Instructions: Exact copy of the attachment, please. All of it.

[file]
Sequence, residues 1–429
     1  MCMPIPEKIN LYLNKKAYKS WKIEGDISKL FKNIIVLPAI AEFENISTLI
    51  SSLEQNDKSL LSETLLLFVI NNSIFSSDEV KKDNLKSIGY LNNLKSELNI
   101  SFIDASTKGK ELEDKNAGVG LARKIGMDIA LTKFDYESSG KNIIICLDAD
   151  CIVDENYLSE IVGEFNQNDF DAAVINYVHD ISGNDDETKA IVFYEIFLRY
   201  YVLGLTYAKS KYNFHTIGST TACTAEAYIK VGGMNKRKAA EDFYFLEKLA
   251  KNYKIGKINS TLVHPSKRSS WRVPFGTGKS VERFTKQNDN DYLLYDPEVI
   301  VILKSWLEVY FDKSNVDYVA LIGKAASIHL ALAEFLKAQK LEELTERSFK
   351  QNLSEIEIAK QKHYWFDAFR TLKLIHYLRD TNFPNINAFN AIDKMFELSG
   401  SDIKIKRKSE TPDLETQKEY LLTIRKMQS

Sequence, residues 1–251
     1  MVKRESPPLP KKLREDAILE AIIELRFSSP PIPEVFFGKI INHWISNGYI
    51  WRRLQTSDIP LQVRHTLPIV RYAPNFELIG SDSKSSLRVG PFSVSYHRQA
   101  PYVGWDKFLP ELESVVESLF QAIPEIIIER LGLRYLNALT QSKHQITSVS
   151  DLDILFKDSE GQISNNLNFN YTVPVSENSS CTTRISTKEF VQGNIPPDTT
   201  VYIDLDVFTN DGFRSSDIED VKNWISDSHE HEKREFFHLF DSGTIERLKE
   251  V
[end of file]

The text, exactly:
Sequence, residues 1–429
     1  MCMPIPEKIN LYLNKKAYKS WKIEGDISKL FKNIIVLPAI AEFENISTLI
    51  SSLEQNDKSL LSETLLLFVI NNSIFSSDEV KKDNLKSIGY LNNLKSELNI
   101  SFIDASTKGK ELEDKNAGVG LARKIGMDIA LTKFDYESSG KNIIICLDAD
   151  CIVDENYLSE IVGEFNQNDF DAAVINYVHD ISGNDDETKA IVFYEIFLRY
   201  YVLGLTYAKS KYNFHTIGST TACTAEAYIK VGGMNKRKAA EDFYFLEKLA
   251  KNYKIGKINS TLVHPSKRSS WRVPFGTGKS VERFTKQNDN DYLLYDPEVI
   301  VILKSWLEVY FDKSNVDYVA LIGKAASIHL ALAEFLKAQK LEELTERSFK
   351  QNLSEIEIAK QKHYWFDAFR TLKLIHYLRD TNFPNINAFN AIDKMFELSG
   401  SDIKIKRKSE TPDLETQKEY LLTIRKMQS

Sequence, residues 1–251
     1  MVKRESPPLP KKLREDAILE AIIELRFSSP PIPEVFFGKI INHWISNGYI
    51  WRRLQTSDIP LQVRHTLPIV RYAPNFELIG SDSKSSLRVG PFSVSYHRQA
   101  PYVGWDKFLP ELESVVESLF QAIPEIIIER LGLRYLNALT QSKHQITSVS
   151  DLDILFKDSE GQISNNLNFN YTVPVSENSS CTTRISTKEF VQGNIPPDTT
   201  VYIDLDVFTN DGFRSSDIED VKNWISDSHE HEKREFFHLF DSGTIERLKE
   251  V